A hospital adopted new rules Friday for handling dead babies after a stillborn child was accidentally taken out with the morgue's laundry.
The Lakeshore General Hospital will conduct routine body counts and keep dead babies in bassinets instead of leaving them on stretchers after a 34-week-old stillborn was found last week at an industrial laundromat.
After the baby died Jan. 14 from undisclosed causes, the body was covered in a blue blanket and carried by a nurse to a refrigerated room.
Later that night, the hospital had several adult deaths. Another attendant delivered an adult body, also covered by a blue blanket, into the room. He removed the cover and tossed it on the neighbouring stretcher where the covered baby lay, apparently unseen.
In need of another stretcher, hospital officials say the attendant scooped up what appeared to be a pile of laundry on the gurney and tossed it down the laundry chute.
The baby was discovered in an industrial washing machine two days later at Buanderie Qualité, a facility about 27 kilometres from the hospital, which is located in the Montreal suburb of Pointe-Claire.
Several workers were treated for shock.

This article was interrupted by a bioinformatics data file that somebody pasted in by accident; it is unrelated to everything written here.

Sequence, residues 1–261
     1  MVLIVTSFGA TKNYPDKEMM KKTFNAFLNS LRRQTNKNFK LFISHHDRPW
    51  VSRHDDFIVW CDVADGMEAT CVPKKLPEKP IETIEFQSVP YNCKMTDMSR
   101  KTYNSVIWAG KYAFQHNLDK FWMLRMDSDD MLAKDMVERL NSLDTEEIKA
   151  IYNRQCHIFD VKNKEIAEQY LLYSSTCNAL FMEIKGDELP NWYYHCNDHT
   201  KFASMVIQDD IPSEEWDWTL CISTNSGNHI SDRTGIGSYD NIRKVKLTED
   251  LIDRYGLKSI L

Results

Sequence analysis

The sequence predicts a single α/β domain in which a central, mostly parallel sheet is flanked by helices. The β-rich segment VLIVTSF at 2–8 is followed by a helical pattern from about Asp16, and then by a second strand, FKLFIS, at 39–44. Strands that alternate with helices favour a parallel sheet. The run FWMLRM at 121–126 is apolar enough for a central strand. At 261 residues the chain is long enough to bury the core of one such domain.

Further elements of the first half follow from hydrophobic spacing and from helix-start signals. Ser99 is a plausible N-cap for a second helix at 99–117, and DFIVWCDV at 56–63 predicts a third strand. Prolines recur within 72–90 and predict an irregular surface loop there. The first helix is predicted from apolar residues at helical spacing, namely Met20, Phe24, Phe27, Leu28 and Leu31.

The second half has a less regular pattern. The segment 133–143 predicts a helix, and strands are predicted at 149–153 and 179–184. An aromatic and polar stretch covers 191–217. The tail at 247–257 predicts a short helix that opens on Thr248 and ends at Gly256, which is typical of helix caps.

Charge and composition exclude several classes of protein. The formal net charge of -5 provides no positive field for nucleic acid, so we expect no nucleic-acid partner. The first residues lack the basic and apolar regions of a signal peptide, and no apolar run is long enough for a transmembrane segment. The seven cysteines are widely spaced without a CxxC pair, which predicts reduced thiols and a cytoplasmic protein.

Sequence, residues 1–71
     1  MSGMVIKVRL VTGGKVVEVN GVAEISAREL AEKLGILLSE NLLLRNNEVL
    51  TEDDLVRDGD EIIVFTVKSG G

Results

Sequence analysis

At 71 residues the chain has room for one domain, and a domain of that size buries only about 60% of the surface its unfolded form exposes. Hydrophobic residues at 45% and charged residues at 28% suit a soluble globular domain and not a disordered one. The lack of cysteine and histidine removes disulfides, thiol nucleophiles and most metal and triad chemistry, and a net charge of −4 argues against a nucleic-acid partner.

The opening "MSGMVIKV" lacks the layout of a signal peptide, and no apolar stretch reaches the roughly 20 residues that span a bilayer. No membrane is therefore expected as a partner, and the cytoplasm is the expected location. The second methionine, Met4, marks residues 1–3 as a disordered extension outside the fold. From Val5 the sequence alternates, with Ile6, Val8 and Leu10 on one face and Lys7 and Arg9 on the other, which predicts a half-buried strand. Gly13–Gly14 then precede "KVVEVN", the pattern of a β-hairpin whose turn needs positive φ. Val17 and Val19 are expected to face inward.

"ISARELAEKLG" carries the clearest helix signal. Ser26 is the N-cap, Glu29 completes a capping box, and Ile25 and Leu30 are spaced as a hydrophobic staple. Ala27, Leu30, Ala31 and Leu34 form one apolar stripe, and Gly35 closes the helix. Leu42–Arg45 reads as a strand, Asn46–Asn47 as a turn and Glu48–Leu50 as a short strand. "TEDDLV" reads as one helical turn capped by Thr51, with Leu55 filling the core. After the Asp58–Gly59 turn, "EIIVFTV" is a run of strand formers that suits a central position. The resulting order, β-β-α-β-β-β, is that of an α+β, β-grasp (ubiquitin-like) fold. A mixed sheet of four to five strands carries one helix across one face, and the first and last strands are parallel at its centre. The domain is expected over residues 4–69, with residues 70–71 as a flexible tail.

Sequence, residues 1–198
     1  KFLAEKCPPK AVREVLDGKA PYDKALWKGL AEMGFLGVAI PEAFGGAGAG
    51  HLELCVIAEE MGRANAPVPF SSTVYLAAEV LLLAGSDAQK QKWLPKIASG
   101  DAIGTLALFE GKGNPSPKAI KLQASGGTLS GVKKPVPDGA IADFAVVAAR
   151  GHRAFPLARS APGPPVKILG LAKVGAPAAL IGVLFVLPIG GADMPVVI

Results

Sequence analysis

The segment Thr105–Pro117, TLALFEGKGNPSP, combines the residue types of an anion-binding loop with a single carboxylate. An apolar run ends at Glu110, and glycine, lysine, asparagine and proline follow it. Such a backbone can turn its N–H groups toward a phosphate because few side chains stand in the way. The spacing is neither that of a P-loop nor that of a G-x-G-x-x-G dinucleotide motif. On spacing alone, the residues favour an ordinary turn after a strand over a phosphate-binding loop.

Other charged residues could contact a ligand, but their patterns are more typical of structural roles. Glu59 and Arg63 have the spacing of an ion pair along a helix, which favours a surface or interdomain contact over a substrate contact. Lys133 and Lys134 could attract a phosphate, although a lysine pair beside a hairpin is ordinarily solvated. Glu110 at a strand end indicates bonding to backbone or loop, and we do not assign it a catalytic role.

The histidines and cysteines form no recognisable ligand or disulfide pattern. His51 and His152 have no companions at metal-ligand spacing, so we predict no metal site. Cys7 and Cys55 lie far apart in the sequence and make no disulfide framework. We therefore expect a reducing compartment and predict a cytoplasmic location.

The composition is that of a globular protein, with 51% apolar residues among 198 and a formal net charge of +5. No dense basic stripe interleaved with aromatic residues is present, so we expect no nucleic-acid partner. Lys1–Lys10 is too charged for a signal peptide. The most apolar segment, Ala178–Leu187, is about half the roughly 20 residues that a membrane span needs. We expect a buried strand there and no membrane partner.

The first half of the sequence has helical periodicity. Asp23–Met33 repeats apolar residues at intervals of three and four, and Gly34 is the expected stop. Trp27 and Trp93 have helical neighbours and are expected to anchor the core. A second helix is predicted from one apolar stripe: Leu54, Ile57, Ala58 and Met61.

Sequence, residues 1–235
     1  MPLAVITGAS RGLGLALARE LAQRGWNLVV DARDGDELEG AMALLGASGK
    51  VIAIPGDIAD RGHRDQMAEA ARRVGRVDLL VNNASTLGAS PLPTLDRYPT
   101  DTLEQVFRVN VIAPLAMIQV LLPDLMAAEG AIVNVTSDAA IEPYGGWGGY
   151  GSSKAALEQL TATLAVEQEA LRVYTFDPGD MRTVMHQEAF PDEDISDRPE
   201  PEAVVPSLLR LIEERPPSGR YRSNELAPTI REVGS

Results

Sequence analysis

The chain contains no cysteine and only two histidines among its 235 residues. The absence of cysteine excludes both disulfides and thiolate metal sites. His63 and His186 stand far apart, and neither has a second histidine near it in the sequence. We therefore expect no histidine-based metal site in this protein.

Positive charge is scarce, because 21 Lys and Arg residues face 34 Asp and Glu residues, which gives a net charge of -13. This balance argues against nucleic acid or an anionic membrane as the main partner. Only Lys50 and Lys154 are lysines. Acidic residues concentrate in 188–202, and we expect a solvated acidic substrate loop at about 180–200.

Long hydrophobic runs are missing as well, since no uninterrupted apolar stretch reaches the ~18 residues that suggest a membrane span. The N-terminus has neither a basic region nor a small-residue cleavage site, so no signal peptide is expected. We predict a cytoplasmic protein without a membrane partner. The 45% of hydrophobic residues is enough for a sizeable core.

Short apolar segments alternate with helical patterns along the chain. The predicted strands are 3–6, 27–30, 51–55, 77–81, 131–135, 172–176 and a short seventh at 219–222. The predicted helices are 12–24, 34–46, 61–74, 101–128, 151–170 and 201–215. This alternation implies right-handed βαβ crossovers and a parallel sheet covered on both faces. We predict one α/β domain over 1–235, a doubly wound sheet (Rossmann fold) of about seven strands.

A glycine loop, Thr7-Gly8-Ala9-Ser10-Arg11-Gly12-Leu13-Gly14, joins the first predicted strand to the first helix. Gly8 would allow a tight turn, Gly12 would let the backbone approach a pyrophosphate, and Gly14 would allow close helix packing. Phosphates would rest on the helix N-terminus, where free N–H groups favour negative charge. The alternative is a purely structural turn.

Daniel Hébert, the laundromat's co-owner, said several of his workers are women and mothers. "It was total panic, everyone was crying, it was terrible," he told reporters.
The hospital conducted an investigation over the past week and concluded the attendant made a mistake but will not face disciplinary action. The baby's body was returned to the custody of his parents for proper disposal.
"We're not interested in assigning blame, this certainly wasn't the intention of the employee," said Suzanne Turmel, executive director of the West Island health authority.
Ms. Turmel would not say whether the family, whose identity has remained confidential, received compensation or is contemplating legal action.
"We've tried to take care of the family in this situation. They were already coping with the death of an infant, which was obviously very hard for them," Ms. Turmel said.
Nora Zaklama, the head of pathology, said baby deaths are not routine events at the Lakeshore, where six babies died last year.